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#specter
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2016-08-10
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achesnais12:08:01

@nathanmarz: I wonder, any best practices on aliasing specter? I find that having the split between specter and specter.macros prevents from efficiently aliasing everything under one ‘specter’ alias. I really like using ns aliases for any non-core library I use, to improve readability/non-ambiguity in my code. Is this split due to the treatment of macros in Clojurescript?

nathanmarz12:08:21

@achesnais: yes, it was done for cljs

sebastianpoeplau15:08:59

is there a way to do something like "insert or update" on a vector? let's say I have a vector [{:name "Test"} {:name "Whatever"}] and I would like to run f on the element that satisfies #(= "Something" (:name %)) (or create it, as in this case it doesn't exist)

sebastianpoeplau15:08:54

I've been playing with nil->val but when my predicate doesn't match on any element of the vector I get an empty vector and not nil

achesnais16:08:50

@nathanmarz: thanks 🙂

mattsfrey18:08:04

hello, wondering if anyone knows how to replicate

(update-in db [:contacts :show-modal?] assoc true)
using transform

mattsfrey18:08:55

I tried

(transform [:contacts] #(assoc % :show-modal? true) db)
and it seems to be doing transformations to much of the db for some reason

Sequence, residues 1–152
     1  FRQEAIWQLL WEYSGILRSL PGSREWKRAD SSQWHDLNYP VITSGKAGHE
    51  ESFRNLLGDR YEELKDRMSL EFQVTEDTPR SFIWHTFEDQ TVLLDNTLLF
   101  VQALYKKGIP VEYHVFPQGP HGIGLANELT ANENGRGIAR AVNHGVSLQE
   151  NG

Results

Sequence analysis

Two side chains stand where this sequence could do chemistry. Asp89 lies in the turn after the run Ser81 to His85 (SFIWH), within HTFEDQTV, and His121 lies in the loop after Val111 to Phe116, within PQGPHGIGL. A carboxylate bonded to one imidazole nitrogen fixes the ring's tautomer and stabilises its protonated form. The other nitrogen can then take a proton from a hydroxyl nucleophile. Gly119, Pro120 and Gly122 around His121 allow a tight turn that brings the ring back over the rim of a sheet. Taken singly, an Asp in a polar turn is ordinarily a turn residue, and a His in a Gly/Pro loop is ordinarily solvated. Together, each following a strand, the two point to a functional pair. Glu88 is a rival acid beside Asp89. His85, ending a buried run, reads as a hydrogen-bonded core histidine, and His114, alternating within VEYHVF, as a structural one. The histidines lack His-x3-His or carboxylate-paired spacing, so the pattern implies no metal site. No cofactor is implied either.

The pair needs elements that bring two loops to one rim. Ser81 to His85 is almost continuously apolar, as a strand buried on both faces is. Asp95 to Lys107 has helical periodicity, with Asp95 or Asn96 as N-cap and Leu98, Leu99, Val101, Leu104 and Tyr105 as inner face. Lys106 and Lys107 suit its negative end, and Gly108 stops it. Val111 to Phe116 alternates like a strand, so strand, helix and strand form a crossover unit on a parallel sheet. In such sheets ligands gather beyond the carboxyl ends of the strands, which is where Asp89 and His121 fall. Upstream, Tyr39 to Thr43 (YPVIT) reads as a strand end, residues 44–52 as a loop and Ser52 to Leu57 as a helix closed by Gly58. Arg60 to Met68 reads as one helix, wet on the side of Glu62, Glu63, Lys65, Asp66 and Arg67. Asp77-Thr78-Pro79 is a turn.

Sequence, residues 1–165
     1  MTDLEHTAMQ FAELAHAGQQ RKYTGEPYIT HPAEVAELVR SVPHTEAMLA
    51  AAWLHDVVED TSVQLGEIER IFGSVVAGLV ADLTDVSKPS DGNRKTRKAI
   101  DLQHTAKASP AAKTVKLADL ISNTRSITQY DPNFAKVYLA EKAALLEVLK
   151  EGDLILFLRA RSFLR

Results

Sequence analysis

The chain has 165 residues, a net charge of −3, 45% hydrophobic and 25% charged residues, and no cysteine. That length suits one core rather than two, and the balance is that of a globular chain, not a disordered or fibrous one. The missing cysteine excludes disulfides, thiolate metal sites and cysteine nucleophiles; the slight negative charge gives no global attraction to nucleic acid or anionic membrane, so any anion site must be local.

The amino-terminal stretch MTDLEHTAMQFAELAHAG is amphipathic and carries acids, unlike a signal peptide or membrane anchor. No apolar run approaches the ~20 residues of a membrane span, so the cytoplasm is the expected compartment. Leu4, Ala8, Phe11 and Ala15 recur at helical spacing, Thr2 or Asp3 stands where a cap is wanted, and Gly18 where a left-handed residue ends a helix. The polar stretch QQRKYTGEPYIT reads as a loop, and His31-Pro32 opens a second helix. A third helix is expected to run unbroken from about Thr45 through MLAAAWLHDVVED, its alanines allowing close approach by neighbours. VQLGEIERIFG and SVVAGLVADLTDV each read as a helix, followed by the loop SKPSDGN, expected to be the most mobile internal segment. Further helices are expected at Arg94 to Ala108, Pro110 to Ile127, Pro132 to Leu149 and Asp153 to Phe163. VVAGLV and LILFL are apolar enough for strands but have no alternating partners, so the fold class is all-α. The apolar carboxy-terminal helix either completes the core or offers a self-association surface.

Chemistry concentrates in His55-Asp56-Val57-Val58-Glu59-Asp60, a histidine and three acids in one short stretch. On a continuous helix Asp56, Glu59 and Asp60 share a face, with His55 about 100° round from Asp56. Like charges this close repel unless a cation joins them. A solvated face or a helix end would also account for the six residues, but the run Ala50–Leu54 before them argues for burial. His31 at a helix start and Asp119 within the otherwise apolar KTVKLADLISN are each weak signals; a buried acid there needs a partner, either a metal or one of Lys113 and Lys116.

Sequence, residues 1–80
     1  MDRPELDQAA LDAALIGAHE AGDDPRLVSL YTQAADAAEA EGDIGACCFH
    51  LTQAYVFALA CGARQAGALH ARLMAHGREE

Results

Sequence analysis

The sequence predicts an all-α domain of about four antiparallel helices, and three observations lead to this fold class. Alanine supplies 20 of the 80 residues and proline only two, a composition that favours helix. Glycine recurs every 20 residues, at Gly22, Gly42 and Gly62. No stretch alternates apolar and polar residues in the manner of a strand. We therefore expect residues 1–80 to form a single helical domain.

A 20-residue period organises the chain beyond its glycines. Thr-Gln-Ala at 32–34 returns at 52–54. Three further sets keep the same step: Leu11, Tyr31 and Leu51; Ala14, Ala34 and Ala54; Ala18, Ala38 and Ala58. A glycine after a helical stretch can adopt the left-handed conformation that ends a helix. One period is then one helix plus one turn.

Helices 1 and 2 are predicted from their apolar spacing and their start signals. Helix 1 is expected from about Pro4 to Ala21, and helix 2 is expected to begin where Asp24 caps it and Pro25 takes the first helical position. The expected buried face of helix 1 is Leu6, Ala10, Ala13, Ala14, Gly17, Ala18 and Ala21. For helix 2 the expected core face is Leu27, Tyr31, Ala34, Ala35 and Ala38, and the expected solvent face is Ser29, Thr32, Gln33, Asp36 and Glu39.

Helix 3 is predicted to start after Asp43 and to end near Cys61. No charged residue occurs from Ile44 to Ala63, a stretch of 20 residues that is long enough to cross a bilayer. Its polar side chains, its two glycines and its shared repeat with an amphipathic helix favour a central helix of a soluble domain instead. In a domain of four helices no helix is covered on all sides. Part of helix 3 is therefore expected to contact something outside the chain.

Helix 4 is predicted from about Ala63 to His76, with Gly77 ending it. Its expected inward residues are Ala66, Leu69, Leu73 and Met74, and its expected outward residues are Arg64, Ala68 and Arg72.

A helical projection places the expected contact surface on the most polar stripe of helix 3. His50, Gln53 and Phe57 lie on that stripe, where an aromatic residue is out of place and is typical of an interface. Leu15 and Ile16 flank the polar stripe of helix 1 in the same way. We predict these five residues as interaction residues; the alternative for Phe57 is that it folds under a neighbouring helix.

mattsfrey18:08:13

nvm it is working, was another issue

mattsfrey18:08:43

but in the same vein, is there a more efficient or elegant way to write that^^ ?

nathanmarz18:08:20

@sebastianpoeplau: can you show an example of the input/output you're looking for?

nathanmarz18:08:53

@mattsfrey: (setval [:contacts :show-modal?] true db)

mattsfrey19:08:03

ah that is nice, does it get the 6x performance of transform etc though?

mattsfrey19:08:14

or is that not a good example for comparison

nathanmarz19:08:18

@mattsfrey: yes, that will be much faster than update-in

nathanmarz19:08:05

the new update-in in 1.9 is much better but specter still outperforms it

mattsfrey19:08:19

oic, good to know, thanks!

sebastianpoeplau21:08:57

@nathanmarz: of course - say I have (defn f [person] (assoc person :some "value")), then I would like the transformation to return [{:name "Test" :some "value"} {:name "Whatever"}] when called on input [{:name "Test"} {:name "Whatever"}], and it should return the same value when used on input [{:name "Whatever"}]. that is, it should update the entry that has :name "Test" or insert it if it's not in the vector

sebastianpoeplau21:08:24

my best guess so far is the following:

(setval [(not-selected? ALL #(= "Test" (:name %))) END] [{:name "Test"}]) ; insert if necessary
(transform [ALL #(= "Test" (:name %))] f my-vector) ; apply my function

sebastianpoeplau21:08:15

I'm just realizing that I could change the lambda #(= "Test" (:name %)) to :name #(= "Test" %), but the question is still whether I can accomplish both steps, insertion and transformation, in one go

nathanmarz21:08:59

@sebastianpoeplau: I think doing it the way you're doing it is the cleanest approach

nathanmarz21:08:03

I would recommend factoring out [ALL #(= "Test" (:name %)))] into a composite navigator and re-using it in each call

nathanmarz22:08:38

@sebastianpoeplau:

(def person-nav (comp-paths ALL (paramsfn [id] [p] (= id (:name p)))))

(setval [(not-selected? (person-nav "Test")) END] [{:name "Test"}] my-vector)
(transform (person-nav "Test") #(assoc % :some "hi") my-vector)